After seeing the insides of the transfer box, a good friend of mine that worked almost 50 years as a mechanical engineer told me that the bearings have an issue from the factory, either the bearings themselves, either the mounting procedure was wrong. So, sooner or later they will fail.

The only way to solve the issue is to inspect the bearings play and to change them if they start to have excessive play. Mine have ~5mm of play, so you can feel them with the hand. The bearing change should be a fraction of the cost of the transfer box since they are common bearings. The labor cost should be around 4-5 hours: it takes ~1 hour to take the transfer box out, 1-2 hours to change the bearings and ~1 hour to the transfer box back.

I state again that i have changed the transfer box oil last summer at ~90000 km. There was no grinding noise noticeable before the transfer box failed.

An idea that can be wrong: I think that the play could be checked without disassembling the transfer box at oil change using an endoscope and moving the internal axle by hand. the other 2 axles can be checked for play from outside - one is connected to the drive shaft and one is connected to the right planetary axle.
 

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Discussion Starter · #17 ·
How many kilometers have you done with the Captiva?. Maybe there are different bearings used or mounting was depending on technician at the factory? I have understood that it is not all of them fail ?.
 

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How many kilometers have you done with the Captiva?. Maybe there are different bearings used or mounting was depending on technician at the factory? I have understood that it is not all of them fail ?.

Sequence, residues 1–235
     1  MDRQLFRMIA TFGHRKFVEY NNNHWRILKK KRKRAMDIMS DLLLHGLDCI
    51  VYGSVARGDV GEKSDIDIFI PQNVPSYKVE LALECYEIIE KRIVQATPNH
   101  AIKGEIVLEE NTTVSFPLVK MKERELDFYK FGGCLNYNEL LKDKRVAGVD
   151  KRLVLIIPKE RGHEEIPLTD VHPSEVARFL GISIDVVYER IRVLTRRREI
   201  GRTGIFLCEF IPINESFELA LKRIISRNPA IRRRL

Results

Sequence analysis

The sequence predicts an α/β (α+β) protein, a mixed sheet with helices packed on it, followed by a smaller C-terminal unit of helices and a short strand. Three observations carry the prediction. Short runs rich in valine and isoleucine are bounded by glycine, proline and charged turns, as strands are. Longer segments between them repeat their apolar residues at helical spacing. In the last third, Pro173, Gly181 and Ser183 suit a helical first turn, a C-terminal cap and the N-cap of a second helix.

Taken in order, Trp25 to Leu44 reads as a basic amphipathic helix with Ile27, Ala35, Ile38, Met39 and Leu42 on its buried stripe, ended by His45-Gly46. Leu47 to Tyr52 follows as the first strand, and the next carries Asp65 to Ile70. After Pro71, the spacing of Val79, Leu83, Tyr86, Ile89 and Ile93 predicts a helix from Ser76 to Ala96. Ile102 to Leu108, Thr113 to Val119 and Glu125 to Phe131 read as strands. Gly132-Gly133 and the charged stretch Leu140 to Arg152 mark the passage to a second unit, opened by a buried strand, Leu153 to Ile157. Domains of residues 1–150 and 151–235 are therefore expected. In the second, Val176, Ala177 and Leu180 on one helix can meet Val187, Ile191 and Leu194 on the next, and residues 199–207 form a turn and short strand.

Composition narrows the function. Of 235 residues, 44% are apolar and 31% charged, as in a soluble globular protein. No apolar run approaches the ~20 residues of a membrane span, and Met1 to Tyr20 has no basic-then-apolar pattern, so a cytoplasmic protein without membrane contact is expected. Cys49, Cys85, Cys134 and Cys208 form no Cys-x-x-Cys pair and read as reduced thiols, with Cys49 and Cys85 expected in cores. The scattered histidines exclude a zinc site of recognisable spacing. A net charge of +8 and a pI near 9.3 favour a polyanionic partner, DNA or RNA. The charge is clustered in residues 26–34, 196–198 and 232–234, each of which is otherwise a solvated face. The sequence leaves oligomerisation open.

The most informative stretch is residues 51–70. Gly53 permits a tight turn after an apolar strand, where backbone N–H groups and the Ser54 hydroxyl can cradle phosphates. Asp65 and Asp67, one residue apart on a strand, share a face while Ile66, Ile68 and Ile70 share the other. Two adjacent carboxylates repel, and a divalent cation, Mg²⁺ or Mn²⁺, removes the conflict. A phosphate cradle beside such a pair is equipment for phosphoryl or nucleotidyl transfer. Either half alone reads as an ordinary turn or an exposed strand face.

Can't remember where I found the article, might have been JD Power or similar, but I remember seeing a graph that showed a design change tail end of 2011, a jump in failure rate for 2012 models and then the later model came in - you can guess which model I have.
 
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Mine had ~96000km, so not much. One week before the fail I have changed the flywheel + clutch kit + throw bearing. Also I changed the gearbox oil and transfer box oil. I am sorry that I ignored the metal scrapings at the transfer box oil change, there were lots of them. If the mechanic that changed the clutch had taken apart the transfer box (there are only a couple of bolts) he could see that the bearings are worn and that they need to be changed urgently.

I am not sure if this is due to the oil recommended by Castrol on their configurator - Castrol Syntrax longlife 75W90 full synthetic (fits most requirements in the manual, BUT it is not written that it is suitable for hypoid gears like the manual asks). My friend, the mechanical engineer told me that the bearings could not be worn because of the oil since the hypoid/ no hypoid has nothing to do with bearings.

I asked also at the service and it seems that also Opel/Vauxhal Insignia and Astra have an issue with some gearbox bearings, they fail after a short number of km.

Since there are so many models that are built in different locations with similar issues, I believe that Strad is right and there was some change in production - either on the bearing producer, either in the design of the transfer case and gearboxes. The mechanical engineer told me that judging on the way the bearing is worn, he think that is more probable that the bearing had to much play when it was assembled on the transfer case.

Now my car is in the service, I am waiting for a refurbishment offer from the service, they are trying to find the bearings. The transfer box hole in the case was TIG welded and now is solid. I paid the equivalent of only 30 euro to the welder. If the bearings and seals are cheap I will go with refurbishment, if not, I will order a transfer case from UK, it is cheaper compared to Romania.

By the way, does anybody have a bad transfer case? I need only the spiral gear that goes to the drive shaft. And of course I am willing to pay for it :)
 
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I don't think the oil would be the culprit either. Lack of oil... yes! Different oil... not so much.

You changed at 89.000 KM which is sooner that the manufacturer interval (90k Miles) so I would just put it to coincidence.